The copper was badly blackened and large flakes of copper sulphide couldbe wiped off.
To the same oil was added 0.1 per cent of benzothiazole disulphide, and the test repeated.
The copper was uniformly'tarnished but perfectly smooth and free from particles of copper sulphide.
Parallel tests carried out with other sulphur compounds e. g. p-thiocresol, dibenzyl disulphide and di(3-carbomethoxy-4-hydroxyphenyl) thioether shewed that this property was limited to the compounds of this invention, although in the caseof the last compound a limited degree of protection appeared to be afiorded.
The amounts of these compounds which are to be employed will depend on several factors:
(I) The amount of active sulphur present in the oil to be inhibited.
(II) The condition of this "active sulphur, i. e. whether it is present as elementary sulphur, or loosely combined asin the case of many organic polysulphides; 1
(III) The presence of additional halogen compounds and their nature. Thus an oil containing 0.5 per cent of a mixture of di(3-carbomethoxyl-hydroxyphenyl) polysulphides (containing 13 per cent of active sulphur), was completely inhibited against copper staining at 100 0., by
the addition of as little as 0.02 per cent of 2-mercaptobenzothiazole.
In other cases, such as sulphurized oils containing much elementary sulphur, it may be desirable to use as much as 0.3 per cent, or even more of the inhibitor.
It is inadvisable to use more inhibitor than is necessary to reduce the staining to the desired degree, as the E. P. properties of the oil may thereby be impaired.
1. An extreme pressur lubricant comprising a major proportion of a hydrocarbon mineral oil, anextreme pressure addition agent consisting of a di(3-carbomethoxy-4-hydroxyphenyl) polysulphide and an organic corrosion inhibitor selected from the group consisting of Z-mercaptobenzothiazole and benzothiazole disulphide present in amount less than 0.5 per cent and sufiicient to eliminate corrosion of copper and cuprous alloys but insufficient materially to enhance the extreme pressure properties of the composition;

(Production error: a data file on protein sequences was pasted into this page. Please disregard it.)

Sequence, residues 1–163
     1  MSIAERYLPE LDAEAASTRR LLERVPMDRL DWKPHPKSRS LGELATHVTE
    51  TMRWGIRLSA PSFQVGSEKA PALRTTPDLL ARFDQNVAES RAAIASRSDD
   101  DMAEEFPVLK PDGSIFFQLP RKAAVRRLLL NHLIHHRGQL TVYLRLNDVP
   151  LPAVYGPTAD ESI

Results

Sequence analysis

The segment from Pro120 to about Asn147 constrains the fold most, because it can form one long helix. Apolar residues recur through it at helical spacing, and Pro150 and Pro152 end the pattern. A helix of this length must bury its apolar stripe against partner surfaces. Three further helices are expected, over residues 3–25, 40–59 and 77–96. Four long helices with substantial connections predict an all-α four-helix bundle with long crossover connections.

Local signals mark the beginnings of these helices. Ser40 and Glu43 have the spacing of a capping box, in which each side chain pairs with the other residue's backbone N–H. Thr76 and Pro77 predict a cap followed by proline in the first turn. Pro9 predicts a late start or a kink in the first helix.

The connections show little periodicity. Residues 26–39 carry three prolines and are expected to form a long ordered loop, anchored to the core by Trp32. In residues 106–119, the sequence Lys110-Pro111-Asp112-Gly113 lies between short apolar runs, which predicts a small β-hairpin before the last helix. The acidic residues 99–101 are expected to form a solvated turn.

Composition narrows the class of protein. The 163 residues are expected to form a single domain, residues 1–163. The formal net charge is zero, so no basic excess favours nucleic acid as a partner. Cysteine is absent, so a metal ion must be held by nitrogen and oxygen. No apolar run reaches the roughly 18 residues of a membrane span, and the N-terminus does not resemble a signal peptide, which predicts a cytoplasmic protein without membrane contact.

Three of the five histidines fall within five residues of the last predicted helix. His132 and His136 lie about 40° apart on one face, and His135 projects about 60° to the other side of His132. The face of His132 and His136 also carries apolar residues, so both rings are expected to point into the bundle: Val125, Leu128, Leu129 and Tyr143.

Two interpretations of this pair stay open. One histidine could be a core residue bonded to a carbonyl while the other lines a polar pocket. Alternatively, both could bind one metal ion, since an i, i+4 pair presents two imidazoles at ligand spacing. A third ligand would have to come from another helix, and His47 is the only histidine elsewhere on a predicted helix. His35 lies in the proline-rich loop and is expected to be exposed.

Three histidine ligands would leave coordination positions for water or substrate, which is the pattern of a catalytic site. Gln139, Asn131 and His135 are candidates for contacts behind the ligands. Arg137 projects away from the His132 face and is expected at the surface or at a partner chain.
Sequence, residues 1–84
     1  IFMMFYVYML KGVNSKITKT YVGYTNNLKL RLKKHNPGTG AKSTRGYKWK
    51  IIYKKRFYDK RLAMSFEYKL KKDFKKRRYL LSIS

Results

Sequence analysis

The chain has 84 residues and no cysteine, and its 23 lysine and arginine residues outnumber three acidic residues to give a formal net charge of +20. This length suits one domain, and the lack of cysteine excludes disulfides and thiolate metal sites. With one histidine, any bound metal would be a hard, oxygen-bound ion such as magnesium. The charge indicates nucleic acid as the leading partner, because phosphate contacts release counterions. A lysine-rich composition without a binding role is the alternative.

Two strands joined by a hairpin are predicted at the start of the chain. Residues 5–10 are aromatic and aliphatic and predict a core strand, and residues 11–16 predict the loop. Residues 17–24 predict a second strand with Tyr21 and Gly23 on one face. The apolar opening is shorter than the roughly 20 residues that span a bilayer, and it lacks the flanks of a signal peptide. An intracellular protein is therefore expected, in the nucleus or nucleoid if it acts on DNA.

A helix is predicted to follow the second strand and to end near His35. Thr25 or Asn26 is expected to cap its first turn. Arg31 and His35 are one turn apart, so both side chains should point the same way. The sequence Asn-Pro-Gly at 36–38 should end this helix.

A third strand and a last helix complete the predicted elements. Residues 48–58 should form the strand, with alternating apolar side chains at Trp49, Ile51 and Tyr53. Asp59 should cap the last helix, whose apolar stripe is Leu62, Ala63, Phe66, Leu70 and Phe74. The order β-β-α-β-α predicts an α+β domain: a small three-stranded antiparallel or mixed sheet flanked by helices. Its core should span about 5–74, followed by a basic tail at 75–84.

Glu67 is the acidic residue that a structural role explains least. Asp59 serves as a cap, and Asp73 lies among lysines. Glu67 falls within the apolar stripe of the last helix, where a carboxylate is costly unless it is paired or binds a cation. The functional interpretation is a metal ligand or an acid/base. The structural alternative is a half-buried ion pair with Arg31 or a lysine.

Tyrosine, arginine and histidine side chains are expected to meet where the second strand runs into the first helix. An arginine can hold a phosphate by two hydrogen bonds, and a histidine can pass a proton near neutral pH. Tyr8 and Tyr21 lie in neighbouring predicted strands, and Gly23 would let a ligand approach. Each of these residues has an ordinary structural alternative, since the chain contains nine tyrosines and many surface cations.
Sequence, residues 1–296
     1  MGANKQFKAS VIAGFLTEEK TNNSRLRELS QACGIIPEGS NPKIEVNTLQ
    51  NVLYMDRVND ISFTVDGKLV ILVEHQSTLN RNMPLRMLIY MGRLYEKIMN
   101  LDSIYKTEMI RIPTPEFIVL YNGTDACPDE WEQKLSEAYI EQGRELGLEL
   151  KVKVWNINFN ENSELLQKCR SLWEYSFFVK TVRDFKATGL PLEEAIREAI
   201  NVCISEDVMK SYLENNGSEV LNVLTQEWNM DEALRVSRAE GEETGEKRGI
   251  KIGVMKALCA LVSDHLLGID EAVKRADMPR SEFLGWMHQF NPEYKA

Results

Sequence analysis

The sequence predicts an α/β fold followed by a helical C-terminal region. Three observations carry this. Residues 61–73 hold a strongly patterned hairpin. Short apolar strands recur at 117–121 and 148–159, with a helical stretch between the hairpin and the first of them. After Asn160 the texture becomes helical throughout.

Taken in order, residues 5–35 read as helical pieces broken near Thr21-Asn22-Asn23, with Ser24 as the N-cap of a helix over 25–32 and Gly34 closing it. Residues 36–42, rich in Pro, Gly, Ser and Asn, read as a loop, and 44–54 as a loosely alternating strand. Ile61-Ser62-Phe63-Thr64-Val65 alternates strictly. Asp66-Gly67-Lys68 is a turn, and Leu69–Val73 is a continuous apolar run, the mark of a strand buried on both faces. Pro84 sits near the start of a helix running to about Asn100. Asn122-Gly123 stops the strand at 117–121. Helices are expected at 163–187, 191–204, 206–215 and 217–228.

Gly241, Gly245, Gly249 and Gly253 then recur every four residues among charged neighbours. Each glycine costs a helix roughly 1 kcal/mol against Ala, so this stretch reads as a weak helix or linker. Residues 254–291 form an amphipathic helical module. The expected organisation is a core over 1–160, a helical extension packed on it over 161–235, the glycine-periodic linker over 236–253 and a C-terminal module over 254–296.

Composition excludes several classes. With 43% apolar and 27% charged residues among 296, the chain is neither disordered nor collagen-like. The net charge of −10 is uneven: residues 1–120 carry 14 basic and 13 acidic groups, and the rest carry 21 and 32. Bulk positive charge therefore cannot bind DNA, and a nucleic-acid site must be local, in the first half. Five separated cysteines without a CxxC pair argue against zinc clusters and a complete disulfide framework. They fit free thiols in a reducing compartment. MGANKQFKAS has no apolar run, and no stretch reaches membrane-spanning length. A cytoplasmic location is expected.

2. An extreme pressure lubricant comprising a major proportion of a hydrocarbon mineral oil, an extreme pressure addition agent consisting of a di(3-carbomethoxyl-hydroxyphenyl1 polysulphide, a chlorinated paraffin wax and an or, ganic corrosion inhibitor selected from the group consisting of Z-mercaptobenzothiazole and benzothiazole disulphide present in amount less than 0.5 per cent and sufiicient to eliminate corrosion of copper and cuprous alloys but insufficient materially to enhance the extreme pressure properties of the composition. 1 1
3. A lubricant according to claim 1 wherein the polysulphide is present in amounts between 0.5 and 2.0 per cent and the organic corrosion inhibitor in amounts not exceeding 0.3 per cent.
ELLIOTT ALFRED EVANS. JOHN SCO-TCHFORD ELLIOTT.